Binary thinking—good/bad, love/hate, smartest/dumbest—is typical of Trump and, perhaps, he engages in it because his base can easily grasp on/off concepts.

Leadership, of course, requires a much more complex approach to problem solving. But in this case, given what Mother Nature has wrought over these past few months combined with Trump’s money-focused myopia, shouldn't he be demanding, tweeting, bloviating on behalf of the climate?

Shouldn't the United States' catastrophic economic losses, which were due to weather patterns spawning unprecedented fire and hurricane seasons, inspire even Trump--the man who said, "The concept of global warming was created by and for the Chinese in order to make U.S. manufacturing non-competitive"--to embrace, promote, and develop policies, treaties, and technologies designed to roll back the temperatures of our warming planet?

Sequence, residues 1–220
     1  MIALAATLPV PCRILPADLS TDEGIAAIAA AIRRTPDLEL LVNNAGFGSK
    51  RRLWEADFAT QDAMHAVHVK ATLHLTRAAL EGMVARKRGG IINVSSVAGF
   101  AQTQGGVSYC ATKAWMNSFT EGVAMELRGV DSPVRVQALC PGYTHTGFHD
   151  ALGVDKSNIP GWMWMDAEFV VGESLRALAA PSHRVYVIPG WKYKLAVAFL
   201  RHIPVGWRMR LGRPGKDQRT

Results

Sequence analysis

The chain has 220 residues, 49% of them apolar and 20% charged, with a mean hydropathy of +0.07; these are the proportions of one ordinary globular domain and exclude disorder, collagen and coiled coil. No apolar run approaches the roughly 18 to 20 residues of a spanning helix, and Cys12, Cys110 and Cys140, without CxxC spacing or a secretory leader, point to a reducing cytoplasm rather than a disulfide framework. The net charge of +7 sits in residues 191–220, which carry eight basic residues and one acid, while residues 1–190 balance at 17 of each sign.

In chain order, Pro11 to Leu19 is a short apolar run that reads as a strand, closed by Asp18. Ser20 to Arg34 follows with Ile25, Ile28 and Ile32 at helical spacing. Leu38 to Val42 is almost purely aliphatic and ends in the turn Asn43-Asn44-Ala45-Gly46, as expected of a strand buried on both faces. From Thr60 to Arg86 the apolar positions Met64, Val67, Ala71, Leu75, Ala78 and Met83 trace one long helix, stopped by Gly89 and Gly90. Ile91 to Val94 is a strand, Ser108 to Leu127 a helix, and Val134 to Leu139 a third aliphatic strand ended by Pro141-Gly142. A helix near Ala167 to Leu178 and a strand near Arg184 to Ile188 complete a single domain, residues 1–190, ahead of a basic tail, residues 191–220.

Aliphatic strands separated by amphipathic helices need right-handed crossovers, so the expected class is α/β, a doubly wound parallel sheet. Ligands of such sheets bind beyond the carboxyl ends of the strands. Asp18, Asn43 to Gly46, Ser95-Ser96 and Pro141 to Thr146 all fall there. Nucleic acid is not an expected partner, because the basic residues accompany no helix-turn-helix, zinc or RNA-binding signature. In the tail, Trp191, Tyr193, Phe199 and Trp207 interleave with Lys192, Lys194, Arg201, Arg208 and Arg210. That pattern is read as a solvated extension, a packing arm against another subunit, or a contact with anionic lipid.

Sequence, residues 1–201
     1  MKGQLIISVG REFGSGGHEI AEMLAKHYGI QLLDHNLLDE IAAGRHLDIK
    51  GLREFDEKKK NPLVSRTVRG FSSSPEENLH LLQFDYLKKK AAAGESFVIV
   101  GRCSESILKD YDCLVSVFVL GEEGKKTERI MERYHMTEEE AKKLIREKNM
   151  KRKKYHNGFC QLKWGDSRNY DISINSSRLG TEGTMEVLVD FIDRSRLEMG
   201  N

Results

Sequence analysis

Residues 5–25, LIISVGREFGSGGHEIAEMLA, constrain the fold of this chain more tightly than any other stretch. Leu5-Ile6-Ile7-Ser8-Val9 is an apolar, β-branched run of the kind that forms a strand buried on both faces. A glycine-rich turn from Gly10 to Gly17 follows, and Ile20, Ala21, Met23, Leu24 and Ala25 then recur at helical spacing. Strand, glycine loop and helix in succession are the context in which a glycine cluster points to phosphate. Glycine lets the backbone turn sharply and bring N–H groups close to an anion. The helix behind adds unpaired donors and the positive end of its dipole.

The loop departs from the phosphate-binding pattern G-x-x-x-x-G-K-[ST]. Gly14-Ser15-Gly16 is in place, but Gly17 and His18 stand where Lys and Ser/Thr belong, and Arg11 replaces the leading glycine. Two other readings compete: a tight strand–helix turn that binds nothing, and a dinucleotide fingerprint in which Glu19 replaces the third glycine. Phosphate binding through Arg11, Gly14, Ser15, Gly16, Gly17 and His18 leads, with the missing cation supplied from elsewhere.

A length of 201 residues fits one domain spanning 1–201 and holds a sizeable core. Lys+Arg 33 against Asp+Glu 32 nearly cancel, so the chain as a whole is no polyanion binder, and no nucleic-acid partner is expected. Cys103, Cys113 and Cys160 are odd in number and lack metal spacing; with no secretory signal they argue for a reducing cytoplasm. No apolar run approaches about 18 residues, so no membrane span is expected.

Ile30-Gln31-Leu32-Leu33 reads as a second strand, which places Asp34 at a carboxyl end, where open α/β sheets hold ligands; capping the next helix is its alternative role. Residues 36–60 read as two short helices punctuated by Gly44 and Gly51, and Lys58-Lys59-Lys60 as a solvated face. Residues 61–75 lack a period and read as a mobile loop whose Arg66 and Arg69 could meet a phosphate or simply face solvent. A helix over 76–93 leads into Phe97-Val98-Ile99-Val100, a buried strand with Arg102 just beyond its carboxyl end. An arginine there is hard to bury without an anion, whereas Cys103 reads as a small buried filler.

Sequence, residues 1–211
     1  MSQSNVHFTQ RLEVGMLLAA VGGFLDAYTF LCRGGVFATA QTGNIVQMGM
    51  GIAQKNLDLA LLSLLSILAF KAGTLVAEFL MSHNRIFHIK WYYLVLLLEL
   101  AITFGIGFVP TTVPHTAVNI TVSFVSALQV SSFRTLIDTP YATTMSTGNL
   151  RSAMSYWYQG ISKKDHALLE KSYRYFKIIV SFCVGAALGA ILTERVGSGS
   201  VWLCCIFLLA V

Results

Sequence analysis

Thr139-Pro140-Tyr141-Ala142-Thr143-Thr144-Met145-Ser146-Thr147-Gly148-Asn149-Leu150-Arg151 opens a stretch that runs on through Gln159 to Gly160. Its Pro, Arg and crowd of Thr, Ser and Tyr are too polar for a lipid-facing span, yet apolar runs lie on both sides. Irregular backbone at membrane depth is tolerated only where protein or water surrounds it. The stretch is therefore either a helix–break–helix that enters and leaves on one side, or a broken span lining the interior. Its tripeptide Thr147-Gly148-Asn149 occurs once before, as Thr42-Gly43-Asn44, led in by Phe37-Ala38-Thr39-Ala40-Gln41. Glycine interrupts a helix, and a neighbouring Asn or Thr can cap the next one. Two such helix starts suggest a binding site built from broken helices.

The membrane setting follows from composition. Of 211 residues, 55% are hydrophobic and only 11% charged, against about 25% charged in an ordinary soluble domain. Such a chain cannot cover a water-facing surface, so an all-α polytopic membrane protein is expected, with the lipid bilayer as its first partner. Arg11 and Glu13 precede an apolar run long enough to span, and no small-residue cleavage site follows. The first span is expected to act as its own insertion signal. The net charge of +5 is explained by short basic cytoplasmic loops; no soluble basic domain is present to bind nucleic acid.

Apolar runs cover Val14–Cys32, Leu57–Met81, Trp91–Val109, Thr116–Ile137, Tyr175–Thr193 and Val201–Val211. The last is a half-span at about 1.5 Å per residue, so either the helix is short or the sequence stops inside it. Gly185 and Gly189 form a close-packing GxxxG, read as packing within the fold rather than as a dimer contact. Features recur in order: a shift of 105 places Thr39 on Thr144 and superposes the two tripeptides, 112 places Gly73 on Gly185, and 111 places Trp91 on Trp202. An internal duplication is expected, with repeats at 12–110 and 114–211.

Etched out by economists and prognosticators, some of whom probably voted for Trump, the numbers leave the President with no wiggle room.

According to CBS Evening News’ John Blackstone, the western fires “. . . have destroyed more than 220,000 acres, and 5,700 homes and businesses. More than 90,000 people have been displaced.”

The Dallas News reports that Texas could experience economic losses of between 75 and 90 billion dollars due to Hurricane Harvey.

“Moody's estimates that Hurricanes Irma and Harvey combined caused more than $150 billion in damage after those storms hit major U.S. cities in Texas, Florida and Georgia,” CNN Money reports. As for Puerto Rico, CNN Money goes on to say, “The Moody's estimate says as much as $40 billion could be lost in economic output because of impassable roads and lost power. Property damage could total $55 billion.”